For the past few months, Microsoft has observed while techies dug into the Windows 8 “Consumer Preview“–in geek parlance, the beta. The result is several big changes to the operating system, many of which will appear in the near-final Windows 8 “Release Preview,” due out in June.
For those who haven’t been keeping a close eye on Windows 8’s development, here’s a rundown of how Microsoft will tweak Windows 8 before launch:
Windows Vista birthed a new visual style for the operating system called “Aero,” defined by transparent frames, drop shadows behind every window and gradients galore. Microsoft now considers this style “dated and cheesy,” and will throw it out in Windows 8. The new visual hotness, according to Microsoft (and pictured above), is “Metro,” with its sharp corners, solid colors and plain white window frames–known as “chrome”–by default. As my colleague Harry McCracken argues, the death of Aero is cause for celebration.
Better Targeting for Start Menu and Charms
One of the most drastic changes to the Windows 8 desktop is its use of mouse-sensitive corners instead of a big fat “Start” button. Microsoft’s not listening to naysayers who want the button back, but the company does plan to make those corners easier to work with. “The corners are too fragile to target reliably with the mouse right now, and it is too easy to frustratingly ‘fall away’ from them,” Microsoft’s Jensen Harris wrote in a blog post. “We have already significantly improved this in internal builds.”
Improved Multi-Monitor Support
Microsoft has heard the call of power users who didn’t like Windows 8’s initial take on multi-monitor support. With the Release Preview, users will be able to view the Start screen and charms bar from any screen, regardless of which one is the primary monitor, and they’ll be able to launch full-screen Metro-style apps on any monitor as well. (Still, only one full-screen Metro-style app may be open at a time.) The Release Preview will also improve mouse detection around the edges of the screen, so it’ll be harder to accidentally spill over onto the next monitor when you’re trying to click a hot corner.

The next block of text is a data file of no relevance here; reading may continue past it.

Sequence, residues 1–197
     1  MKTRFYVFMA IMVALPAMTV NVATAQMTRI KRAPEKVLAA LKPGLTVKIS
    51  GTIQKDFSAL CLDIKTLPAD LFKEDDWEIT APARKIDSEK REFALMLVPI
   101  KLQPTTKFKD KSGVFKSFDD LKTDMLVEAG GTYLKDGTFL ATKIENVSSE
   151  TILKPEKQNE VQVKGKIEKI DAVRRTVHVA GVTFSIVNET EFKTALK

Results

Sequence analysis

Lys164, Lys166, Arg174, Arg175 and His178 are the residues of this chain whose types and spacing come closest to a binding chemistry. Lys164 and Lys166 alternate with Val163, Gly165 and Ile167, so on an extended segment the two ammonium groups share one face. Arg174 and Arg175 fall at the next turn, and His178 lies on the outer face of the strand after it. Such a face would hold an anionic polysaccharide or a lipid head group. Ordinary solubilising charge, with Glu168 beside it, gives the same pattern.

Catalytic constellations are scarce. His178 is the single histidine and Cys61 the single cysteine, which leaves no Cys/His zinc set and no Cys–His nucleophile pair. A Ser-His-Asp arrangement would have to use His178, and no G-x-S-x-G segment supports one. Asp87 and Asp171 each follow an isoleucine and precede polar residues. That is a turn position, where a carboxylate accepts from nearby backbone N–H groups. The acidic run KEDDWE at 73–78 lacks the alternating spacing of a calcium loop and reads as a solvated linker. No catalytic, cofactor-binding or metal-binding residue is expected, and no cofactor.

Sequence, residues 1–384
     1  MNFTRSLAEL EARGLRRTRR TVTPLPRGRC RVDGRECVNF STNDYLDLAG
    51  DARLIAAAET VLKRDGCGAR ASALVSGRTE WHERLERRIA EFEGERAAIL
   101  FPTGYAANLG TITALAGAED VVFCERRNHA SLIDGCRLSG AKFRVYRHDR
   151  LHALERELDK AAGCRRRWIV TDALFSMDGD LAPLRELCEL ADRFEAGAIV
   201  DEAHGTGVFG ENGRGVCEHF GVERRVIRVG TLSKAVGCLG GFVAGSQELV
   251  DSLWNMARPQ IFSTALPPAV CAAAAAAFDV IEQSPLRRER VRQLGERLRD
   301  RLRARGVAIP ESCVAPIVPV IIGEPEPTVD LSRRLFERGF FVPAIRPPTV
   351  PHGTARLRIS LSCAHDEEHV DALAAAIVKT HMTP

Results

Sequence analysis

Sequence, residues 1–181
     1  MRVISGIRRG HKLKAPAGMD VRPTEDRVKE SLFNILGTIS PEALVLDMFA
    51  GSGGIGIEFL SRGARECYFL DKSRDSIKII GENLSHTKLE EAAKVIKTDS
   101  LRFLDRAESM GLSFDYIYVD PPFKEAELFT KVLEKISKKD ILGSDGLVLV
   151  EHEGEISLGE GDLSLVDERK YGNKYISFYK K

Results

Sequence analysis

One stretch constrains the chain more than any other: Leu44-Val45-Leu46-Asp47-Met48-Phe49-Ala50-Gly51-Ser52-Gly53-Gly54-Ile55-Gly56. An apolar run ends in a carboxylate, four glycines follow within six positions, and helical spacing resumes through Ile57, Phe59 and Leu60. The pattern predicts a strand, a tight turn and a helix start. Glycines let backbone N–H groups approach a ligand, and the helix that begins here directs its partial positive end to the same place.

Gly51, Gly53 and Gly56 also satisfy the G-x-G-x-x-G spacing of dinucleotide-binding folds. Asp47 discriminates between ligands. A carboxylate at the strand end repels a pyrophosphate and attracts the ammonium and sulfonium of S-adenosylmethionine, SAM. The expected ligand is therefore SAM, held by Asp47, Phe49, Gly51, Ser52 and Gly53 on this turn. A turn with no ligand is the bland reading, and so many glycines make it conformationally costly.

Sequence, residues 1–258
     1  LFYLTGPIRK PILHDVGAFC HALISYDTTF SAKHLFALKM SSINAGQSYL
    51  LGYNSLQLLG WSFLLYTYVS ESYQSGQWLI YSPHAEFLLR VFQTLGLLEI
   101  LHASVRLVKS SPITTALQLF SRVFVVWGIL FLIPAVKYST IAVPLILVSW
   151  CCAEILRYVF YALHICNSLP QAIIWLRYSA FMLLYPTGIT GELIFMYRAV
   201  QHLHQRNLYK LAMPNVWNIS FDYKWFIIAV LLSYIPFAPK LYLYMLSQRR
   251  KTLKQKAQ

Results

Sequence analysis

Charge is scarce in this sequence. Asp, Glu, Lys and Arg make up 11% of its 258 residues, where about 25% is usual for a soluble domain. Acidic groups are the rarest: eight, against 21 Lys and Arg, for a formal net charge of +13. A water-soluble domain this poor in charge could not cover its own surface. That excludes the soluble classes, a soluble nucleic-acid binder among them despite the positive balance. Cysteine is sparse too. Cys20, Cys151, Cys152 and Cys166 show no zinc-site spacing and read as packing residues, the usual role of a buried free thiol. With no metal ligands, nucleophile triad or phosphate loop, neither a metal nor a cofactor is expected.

Built-In Boot Options
In a recent blog post, Microsoft’s Chris Clark joked that Windows 8 boots too quickly, especially on PCs with solid state drives. That’s not a bad problem to have, but it could prevent people from accessing their boot settings, which you’d previously get to by holding F2 during startup. New Windows 8 hardware will allow users to reboot their PCs into the boot settings menu through an option in general PC settings. When something’s wrong, Windows 8 can send users into the boot settings menu automatically. The boot menu itself has also been overhauled, so that all options are available in one place.
Family Safety Reports and Filters
For parents worried about what their kids are doing on the computer, Windows 8 will include built in tools to monitor and restrict use. When creating new user accounts, parent can check a “Family Safety” box, and they’ll get reports on what websites their children are visiting, what apps they’re using and what they’re searching for. Parents can also restrict their children’s behavior with web content filtering, app restrictions and daily time limits.
Windows 8 is a major overhaul from earlier versions, so there’s going to be a learning curve. Microsoft says it will add ways to get users up to speed, but hasn’t yet explained the specifics.
More Apps (Perhaps)
Though unconfirmed by Microsoft, a report from Winunleaked claims that Windows 8 will get a few new built-in Metro-style apps for the Release Preview. These apps include News, Sports and Travel. Combined with existing apps for Finance, Weather and Maps, you’ve got the rough equivalent of the existing Bing app for iPad. Any bets on whether Microsoft rolls them all into one?
Flash Support in Metro (Maybe)
Another rumor from the reliable Within Windows claims that Microsoft will add Flash support to the Metro-style version of Internet Explorer. The Consumer Preview doesn’t support Flash unless users jump into the desktop version of IE, but Microsoft reportedly doesn’t want to exclude the many websites that still rely on Flash video. The company worked closely with Adobe to integrate Flash with the browser, Within Windows claims, so Microsoft’s no add-on policy remains intact.